Many people come here to escape the drudgery of the life they’d been living elsewhere. They think living down here in the tropics will change their lives in a positive way and for some, it does. But there are those who soon get bored and fall into the trap of sitting around in different bars all day long, drinking. We’ve seen some of these folks go down hard. There’s also a whole other subculture that comes here strictly for the nightlife. I call them “Vampires” because they sleep all day and never come out until ten at night and then they party until the sun comes up and go sleep it off. We’ve seen a lot of these folks self-destruct as well, and go back to where they came from with their tails between their legs, burnt out and broke.
But for Allene and me, Bocas is a true paradise. We’re surfers. The waves here are world-class and very consistent most of the year. When there are no waves, there is kayaking, stand-up paddleboarding, and the diving and fishing can be excellent.
The flora and fauna are mind-blowing. In fact, some of the scientists who come here to study call this place the Galapagos of the Caribbean. There is so much to love about this place but what tops the whole deal off is being able to live in this diverse and wonderful community. It’s bilingual, multi-ethnic, multicultural, friendly, caring and compassionate. When a cry for help goes out, whether it’s a family in need, students who can’t afford school uniforms, repairs needed at the Asilo assisted-living facility, a beach cleanup, or whatever, this community never fails to respond in a big way. The population in these islands is made up of indigenous tribes, Latinos, Blacks, mixtures of the aforementioned, Chinese, Arabs, Israelis, Europeans, Canadians, many gringos from the U.S., and other nationalities from the far corners of the Earth. We have Catholics, Protestants, Jehovah’s Witnesses, Jews, Muslims, Buddhists, atheists, gays, straights, transgenders, Democrats, Republicans, Independents, apoliticals, vegetarians, carnivores … and believe it or not, we all get along just fine. This outstanding community theoretically could be an example for the rest of the world. If we can do it here, it should be possible anywhere. There is always hope.
Do we have problems? Like everywhere else, for sure we do. Bocas is developing much faster than I would like but I guess it was inevitable. Along with development, crime has increased. The amount of trash we produce has become much larger and on small islands, disposal is a problem. Traffic has increased dramatically and sometimes it’s difficult to find a parking space on the main street in town. Our infrastructure hasn’t kept up with the rate of development. Consequently, during high season, when we’re crowded with tourists, the town is prone to having brownouts and blackouts. The same with water usage. When every single hotel and hostel is booked up, sometimes the town can run out of water, depending on the level of the reservoir.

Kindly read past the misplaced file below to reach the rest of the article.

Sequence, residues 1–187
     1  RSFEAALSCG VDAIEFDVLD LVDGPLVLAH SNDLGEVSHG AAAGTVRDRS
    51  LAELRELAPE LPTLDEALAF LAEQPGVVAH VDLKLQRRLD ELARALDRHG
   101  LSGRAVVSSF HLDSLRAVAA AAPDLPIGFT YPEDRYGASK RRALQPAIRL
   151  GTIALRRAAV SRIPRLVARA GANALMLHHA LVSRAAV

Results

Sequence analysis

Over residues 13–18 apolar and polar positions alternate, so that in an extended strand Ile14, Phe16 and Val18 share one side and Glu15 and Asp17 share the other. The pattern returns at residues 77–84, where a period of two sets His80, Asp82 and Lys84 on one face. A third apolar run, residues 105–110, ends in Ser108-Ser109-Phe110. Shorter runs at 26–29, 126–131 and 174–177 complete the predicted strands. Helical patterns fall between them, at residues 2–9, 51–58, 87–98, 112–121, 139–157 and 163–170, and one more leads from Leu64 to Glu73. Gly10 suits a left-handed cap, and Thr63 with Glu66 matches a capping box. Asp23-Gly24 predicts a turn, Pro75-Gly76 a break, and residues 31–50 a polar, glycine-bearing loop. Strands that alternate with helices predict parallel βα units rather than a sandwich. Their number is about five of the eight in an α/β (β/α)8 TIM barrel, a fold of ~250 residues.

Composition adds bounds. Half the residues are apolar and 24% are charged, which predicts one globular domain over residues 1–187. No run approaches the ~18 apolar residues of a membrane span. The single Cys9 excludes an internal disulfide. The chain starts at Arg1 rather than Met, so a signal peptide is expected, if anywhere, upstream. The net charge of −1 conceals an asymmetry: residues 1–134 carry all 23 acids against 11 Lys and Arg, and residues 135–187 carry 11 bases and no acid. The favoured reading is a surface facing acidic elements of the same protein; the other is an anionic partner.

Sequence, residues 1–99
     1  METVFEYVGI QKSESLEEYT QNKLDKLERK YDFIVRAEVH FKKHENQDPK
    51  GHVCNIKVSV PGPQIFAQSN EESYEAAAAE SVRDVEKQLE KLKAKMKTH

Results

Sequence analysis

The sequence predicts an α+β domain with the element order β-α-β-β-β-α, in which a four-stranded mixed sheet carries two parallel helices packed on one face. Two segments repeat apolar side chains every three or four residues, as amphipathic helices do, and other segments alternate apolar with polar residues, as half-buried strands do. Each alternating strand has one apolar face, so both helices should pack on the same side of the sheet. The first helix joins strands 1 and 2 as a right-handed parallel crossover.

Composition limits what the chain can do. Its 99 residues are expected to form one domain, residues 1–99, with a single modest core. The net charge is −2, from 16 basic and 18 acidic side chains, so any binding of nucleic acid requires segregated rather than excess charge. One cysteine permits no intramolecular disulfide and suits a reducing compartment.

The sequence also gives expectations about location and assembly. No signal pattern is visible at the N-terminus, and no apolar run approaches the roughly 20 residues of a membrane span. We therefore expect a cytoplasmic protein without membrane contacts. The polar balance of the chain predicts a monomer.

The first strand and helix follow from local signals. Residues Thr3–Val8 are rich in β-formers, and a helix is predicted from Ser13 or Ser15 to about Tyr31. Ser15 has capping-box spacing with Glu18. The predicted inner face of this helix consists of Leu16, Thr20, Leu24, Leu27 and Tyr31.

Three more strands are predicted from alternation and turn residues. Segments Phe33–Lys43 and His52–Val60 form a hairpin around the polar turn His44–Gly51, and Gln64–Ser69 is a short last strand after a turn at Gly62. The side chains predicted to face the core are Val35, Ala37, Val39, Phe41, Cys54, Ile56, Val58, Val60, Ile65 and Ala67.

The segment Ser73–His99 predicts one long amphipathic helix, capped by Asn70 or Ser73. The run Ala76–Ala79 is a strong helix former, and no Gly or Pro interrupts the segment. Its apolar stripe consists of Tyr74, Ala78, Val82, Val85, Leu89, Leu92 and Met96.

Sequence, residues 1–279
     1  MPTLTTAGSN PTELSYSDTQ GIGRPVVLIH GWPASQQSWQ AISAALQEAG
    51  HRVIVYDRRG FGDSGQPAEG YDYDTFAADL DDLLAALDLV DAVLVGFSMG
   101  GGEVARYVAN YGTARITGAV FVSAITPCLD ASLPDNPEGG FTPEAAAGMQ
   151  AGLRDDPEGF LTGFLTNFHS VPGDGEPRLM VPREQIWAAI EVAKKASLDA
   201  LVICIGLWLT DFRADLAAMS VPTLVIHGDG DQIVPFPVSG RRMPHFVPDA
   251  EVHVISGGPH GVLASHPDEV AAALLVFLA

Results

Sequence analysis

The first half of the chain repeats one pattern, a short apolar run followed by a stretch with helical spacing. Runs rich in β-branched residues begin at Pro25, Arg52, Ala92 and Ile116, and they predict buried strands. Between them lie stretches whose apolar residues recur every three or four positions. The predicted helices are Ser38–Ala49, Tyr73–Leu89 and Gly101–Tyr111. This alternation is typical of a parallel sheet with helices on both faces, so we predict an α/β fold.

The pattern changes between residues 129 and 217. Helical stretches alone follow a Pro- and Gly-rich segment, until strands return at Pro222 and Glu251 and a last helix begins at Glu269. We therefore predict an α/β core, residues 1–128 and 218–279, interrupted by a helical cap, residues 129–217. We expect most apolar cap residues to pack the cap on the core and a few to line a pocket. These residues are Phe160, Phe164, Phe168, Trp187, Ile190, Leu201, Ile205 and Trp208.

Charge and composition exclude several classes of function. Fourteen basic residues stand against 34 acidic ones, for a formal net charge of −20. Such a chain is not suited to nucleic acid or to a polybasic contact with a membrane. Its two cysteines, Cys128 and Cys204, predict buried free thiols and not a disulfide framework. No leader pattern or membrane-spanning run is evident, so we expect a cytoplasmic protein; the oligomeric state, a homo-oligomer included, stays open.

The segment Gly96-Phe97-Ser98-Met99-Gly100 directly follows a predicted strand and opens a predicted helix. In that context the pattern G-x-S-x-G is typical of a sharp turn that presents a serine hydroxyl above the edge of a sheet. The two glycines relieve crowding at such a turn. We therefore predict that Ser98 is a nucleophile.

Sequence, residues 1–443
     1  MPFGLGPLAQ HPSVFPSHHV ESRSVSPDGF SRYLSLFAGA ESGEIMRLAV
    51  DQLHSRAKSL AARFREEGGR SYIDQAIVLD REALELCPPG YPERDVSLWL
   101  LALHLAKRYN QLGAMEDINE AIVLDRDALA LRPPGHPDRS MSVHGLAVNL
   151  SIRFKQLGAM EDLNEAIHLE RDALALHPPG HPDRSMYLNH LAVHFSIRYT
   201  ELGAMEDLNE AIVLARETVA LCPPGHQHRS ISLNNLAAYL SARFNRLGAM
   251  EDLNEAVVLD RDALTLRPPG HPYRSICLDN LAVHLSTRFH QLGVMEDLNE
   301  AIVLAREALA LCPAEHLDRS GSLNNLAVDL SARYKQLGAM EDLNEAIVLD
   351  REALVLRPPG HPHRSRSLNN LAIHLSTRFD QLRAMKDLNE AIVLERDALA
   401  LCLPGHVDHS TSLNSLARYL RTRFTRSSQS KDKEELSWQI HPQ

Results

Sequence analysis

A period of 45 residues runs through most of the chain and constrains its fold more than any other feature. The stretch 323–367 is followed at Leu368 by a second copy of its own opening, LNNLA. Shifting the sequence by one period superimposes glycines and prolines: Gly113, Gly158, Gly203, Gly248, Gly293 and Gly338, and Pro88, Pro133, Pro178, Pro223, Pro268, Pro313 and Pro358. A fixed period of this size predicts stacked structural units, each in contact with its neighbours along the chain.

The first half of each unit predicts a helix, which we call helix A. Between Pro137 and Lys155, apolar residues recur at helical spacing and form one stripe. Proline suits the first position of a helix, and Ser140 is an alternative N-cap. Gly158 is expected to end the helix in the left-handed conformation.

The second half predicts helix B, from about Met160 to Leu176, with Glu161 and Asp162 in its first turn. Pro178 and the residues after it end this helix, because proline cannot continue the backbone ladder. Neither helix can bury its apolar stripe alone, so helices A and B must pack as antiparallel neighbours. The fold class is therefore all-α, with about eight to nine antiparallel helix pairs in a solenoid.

But you know what? When these things happen, we deal with it and we get through it. As Allene likes to say, “Sure we have a few problems, but still … this is home. And like always, we’ll come together as a community and tackle each problem, one by one.” I like to say, “The problems are a small price to pay to live in this beautiful paradise.”
That brings us back to why we came here in the first place. Yeah … the waves. The waves keep on coming but now the more well-known surf spots are getting really crowded. It’s impossible to keep a location with this caliber of surf a secret forever. However, I will say this: If you have a boat you can still to this day always find a place to surf alone. And that’s almost unheard of in today’s surfing world. And for Allene and I, that’s our saving grace.
So for now, we’ll continue to enjoy our home here in paradise and keep on surfing until the day we die … hopefully in the far distant future. But you never know. If some billionaire comes along and buys up all the land around us and builds a huge high-rise hotel, we would be out of here in a heartbeat. It’s not likely that would happen but if it does, I can guarantee that we won’t be moving back to the States. There’s just no way to go backwards after experiencing all this. We’d have to go deeper. There are a million islands out across the south Pacific just waiting to be discovered by a couple of old surfers.